Marijuana Law, Policy & Reform

Editor: Douglas A. Berman
Moritz College of Law

Saturday, August 26, 2017

"Traffic fatalities linked to marijuana are up sharply in Colorado. Is legalization to blame?"

Cd0827potdriving3-_-v2-1The title of this post is the headline of this big long article Denver Post article exploring marijuana reform's impact on roadway safety.  Here are excerpts:

The number of drivers involved in fatal crashes in Colorado who tested positive for marijuana has risen sharply each year since 2013, more than doubling in that time, federal and state data show.  A Denver Post analysis of the data and coroner reports provides the most comprehensive look yet into whether roads in the state have become more dangerous since the drug’s legalization.

Increasingly potent levels of marijuana were found in positive-testing drivers who died in crashes in Front Range counties, according to coroner data since 2013 compiled by The Denver Post.  Nearly a dozen in 2016 had levels five times the amount allowed by law, and one was at 22 times the limit.  Levels were not as elevated in earlier years.

Last year, all of the drivers who survived and tested positive for marijuana use had the drug at levels that indicated use within a few hours of being tested, according to the Colorado Department of Transportation, which compiles information for the National Highway Traffic Safety Administration’s Fatality Analysis Reporting System.

The trends coincide with the legalization of recreational marijuana in Colorado that began with adult use in late 2012, followed by sales in 2014.  Colorado transportation and public safety officials, however, say the rising number of pot-related traffic fatalities cannot be definitively linked to legalized marijuana.  Positive test results reflected in the NHTSA data do not indicate whether a driver was high at the time of the crash since traces of marijuana use from weeks earlier also can appear as a positive result.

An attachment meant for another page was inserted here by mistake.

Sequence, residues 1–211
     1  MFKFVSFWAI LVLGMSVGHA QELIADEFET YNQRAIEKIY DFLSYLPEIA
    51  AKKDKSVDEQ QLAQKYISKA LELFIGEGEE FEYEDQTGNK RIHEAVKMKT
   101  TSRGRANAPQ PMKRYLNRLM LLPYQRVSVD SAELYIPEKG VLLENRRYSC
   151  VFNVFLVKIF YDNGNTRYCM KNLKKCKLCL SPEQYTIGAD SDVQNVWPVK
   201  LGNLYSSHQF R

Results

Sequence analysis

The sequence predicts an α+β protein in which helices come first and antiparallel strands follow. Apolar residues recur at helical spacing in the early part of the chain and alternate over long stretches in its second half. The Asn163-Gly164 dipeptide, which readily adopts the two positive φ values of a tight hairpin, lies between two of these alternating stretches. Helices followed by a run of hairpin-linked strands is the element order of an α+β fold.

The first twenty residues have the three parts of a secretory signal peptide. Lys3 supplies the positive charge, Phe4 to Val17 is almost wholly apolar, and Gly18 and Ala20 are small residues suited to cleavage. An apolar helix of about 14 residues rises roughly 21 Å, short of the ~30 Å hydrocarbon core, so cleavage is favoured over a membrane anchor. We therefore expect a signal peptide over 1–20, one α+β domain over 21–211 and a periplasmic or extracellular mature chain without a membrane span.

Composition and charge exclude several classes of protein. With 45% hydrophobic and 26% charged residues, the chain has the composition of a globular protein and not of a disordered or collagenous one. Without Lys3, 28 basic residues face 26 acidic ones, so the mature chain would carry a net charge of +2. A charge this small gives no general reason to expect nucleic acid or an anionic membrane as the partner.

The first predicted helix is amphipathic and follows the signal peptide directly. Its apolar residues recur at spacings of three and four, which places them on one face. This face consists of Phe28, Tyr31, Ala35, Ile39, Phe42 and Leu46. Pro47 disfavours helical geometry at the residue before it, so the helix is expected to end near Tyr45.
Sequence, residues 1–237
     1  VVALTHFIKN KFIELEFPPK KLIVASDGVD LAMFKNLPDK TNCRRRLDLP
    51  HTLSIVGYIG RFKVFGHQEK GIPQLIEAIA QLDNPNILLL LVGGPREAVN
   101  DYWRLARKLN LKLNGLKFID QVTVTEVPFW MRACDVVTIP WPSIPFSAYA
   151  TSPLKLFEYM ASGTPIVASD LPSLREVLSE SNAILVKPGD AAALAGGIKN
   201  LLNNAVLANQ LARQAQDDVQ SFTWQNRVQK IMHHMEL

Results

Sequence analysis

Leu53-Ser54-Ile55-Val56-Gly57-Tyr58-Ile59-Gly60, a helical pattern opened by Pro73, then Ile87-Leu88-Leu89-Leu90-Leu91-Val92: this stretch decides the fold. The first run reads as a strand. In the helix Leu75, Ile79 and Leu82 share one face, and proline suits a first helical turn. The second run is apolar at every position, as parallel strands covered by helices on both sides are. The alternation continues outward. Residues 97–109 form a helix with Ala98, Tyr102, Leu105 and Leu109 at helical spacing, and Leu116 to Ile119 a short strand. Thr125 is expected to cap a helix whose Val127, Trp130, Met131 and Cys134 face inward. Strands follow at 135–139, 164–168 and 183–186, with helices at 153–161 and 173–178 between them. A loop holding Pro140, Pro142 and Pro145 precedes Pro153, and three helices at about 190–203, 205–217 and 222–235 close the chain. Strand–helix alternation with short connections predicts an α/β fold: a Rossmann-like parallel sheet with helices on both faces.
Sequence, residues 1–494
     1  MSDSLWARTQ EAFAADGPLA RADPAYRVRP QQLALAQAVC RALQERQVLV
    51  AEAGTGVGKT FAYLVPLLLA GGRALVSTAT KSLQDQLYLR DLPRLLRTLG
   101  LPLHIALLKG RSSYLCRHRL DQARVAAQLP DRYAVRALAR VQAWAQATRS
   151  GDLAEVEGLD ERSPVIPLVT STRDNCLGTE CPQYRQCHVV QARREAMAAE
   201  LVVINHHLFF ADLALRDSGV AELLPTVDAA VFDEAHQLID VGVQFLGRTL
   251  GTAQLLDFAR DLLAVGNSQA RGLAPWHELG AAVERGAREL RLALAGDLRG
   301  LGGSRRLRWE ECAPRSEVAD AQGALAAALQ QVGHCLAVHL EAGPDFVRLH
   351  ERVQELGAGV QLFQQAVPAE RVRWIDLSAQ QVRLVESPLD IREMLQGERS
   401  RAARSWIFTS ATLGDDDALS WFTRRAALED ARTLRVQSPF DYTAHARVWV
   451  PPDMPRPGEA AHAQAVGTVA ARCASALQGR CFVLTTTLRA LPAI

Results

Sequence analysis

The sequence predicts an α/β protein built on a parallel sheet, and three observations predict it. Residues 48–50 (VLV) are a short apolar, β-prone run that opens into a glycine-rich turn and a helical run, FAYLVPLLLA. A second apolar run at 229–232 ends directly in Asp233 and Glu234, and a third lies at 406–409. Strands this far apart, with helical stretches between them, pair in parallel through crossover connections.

But police, victims’ families and safety advocates say the numbers of drivers testing positive for marijuana use — which have grown at a quicker rate than the increase in pot usage in Colorado since 2013 — are rising too quickly to ignore and highlight the potential dangers of mixing pot with driving....

Estimates vary for how much marijuana use has increased in Colorado since legalization.  Surveys by the federal Substance Abuse and Mental Health Services Administration found that use within 30 days rose from about 12 percent of Colorado adults in 2013 to 17 percent in 2015, a 42 percent increase.  But the Colorado Department of Public Health and Environment published a survey last year putting adult use at 13 percent in 2015, indicating a slower rate of growth.

The number of drivers involved in fatal crashes testing positive for marijuana rose 88 percent from 2013 to 2015, FARS data show.  The numbers are not strictly comparable as the usage estimates would take into account Colorado’s population growth rate of roughly 1.8 percent a year....

Law enforcement officials, prosecutors and public policy makers concede there’s still too little information about marijuana and how it’s detected to understand just how much the drug is affecting traffic fatalities.  Even coroners who occasionally test for the drug bicker over whether to include pot on a driver’s death certificate.  “No one’s really sure of the broad impact because not all the drivers are tested, yet people are dying,” said Montrose County Coroner Dr. Thomas Canfield.  “It’s this false science that marijuana is harmless, … but it’s not, particularly when you know what it does to your time and depth perception, and the ability to understand and be attentive to what’s around you.”...